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Why are those devices being connected to an unsecure network? Surely they should have super limited data exchange features?

As is commonly the case, hardware vendors are more concerned with selling you the hardware and probably spend bottom-dollar for their software developers. I can't say that I've worked in such an environment, but my impression is that management at such companies probably see software dev as a cost-centre rather than something to actually spend money on for quality.

But the hospital management shouldn't be plugging them onto the same network where end-users have access, no?

Surely that's the point of hooking them up to the network, so you can e.g. get the pictures out of your CT scanner on to the doctor's PC?

The doctors' PC can run just fine on an isolated network and doesn't have to be connected to the internet.

No that wouldn't work. Modern healthcare is a team effort, especially for patients with complex conditions. Doctors must be able to collaborate with each other including securely sharing data across the Internet in order to deliver effective patient care. No one is going to give up on that just to prevent a few isolated security incidents.

> securely sharing data

> security incidents

That's the idea behind N3, the NHS's internal network. The idea of a hard shell with a soft centre. With N3 as large as it is, the idea breaks down. Security in depth is required, secure at every level. The hard shell idea is outdated, and N3 is scheduled to be turned off in 2019.

So you propose a separate, isolated network linking all the medical facilities, doctor's offices and private practices nationwide? Even the military doesn't do that for most of their offices.

Also, the doctor's computer pretty much needs to interface with the system(s) that handles patient billing (and thus non-medical companies) and the system(s) that handle patient scheduling, reminders, etc.

> patient billing

Not really an issue in the NHS, apart from the occasional non-resident foreign national.

(The "fundholding" system does mean there's a certain amount of internal billing which the patient is never aware of, but the beating Bevinist heart of the free-at-point-of-use system is still in place)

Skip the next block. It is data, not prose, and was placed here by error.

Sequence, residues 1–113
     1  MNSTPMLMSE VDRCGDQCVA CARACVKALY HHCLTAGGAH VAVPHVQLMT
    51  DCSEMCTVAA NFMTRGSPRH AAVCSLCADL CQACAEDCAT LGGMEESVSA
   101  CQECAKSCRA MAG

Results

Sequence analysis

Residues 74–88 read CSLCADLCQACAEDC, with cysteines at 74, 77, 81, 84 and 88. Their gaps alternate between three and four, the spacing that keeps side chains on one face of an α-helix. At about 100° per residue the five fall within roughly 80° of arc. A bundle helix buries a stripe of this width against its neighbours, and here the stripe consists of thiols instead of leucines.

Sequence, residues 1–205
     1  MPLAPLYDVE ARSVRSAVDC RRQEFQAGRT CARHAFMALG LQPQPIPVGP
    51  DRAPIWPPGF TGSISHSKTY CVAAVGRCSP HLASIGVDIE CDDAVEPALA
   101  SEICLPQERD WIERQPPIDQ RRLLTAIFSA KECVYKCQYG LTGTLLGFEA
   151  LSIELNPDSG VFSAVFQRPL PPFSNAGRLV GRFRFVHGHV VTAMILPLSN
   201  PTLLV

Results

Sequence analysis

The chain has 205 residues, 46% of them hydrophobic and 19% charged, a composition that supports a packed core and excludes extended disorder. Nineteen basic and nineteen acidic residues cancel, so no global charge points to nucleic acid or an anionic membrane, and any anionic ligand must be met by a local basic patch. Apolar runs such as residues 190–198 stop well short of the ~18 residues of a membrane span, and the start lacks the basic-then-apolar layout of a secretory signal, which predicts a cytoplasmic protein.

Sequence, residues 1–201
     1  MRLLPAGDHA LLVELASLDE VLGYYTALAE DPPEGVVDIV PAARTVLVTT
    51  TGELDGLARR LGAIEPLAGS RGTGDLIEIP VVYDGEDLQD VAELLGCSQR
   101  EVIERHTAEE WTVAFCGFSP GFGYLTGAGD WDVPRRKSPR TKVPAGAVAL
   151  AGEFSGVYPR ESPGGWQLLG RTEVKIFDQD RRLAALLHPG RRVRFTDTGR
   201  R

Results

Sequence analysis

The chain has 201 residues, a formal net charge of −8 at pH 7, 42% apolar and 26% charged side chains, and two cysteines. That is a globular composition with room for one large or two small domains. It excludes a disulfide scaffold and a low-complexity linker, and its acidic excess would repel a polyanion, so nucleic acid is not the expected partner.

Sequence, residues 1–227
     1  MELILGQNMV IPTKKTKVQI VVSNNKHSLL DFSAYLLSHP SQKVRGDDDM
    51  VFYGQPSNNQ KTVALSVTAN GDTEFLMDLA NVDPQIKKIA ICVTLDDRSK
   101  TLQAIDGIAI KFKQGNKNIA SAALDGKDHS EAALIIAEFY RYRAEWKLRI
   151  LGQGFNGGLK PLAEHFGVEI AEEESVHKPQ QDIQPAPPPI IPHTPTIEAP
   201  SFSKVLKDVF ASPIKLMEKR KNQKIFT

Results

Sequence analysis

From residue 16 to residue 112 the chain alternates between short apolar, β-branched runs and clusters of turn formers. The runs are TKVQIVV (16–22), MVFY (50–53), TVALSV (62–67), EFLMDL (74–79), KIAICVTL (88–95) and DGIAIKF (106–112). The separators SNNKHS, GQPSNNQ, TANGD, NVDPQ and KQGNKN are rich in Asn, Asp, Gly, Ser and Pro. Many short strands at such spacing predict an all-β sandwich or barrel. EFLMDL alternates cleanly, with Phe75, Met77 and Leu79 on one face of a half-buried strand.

Free-at-point-of use process tend to be ones that require integration with a billing service, namely, to send information about the performed procedures to whatever system is paying for them, no matter if it's some state agency, private insurance, or whatever else - that's what I meant by non-medical companies that would need to be on the network.

A private practice where everything is paid by the patient in full by cash or CC could do without any integration with external systems (just run a standard cash register), but as soon as someone else is paying for it, you generally need to link the doctor's office systems to that in some way.

Until that doctor needs to submit patient info to a study, look up an obscure symptoms, talk with others in the medical community, etc.

It has an ethernet port, someone will plug an ethernet cable into it. The problem is not so much that the users are idiots, the problem is that people get distracted some of the time and make mistakes some of the time.

And yes, surely they should have super limited network features. The important word is "should."

Many of the computerized medical devices are diagnostic, so being able to send digital data to doctors quickly and easily over the internet is a key part of their functionality. Also, the other way around - being able to get patient data to the device without manually re-entering them, which is costly and error-prone and thus dangerous.

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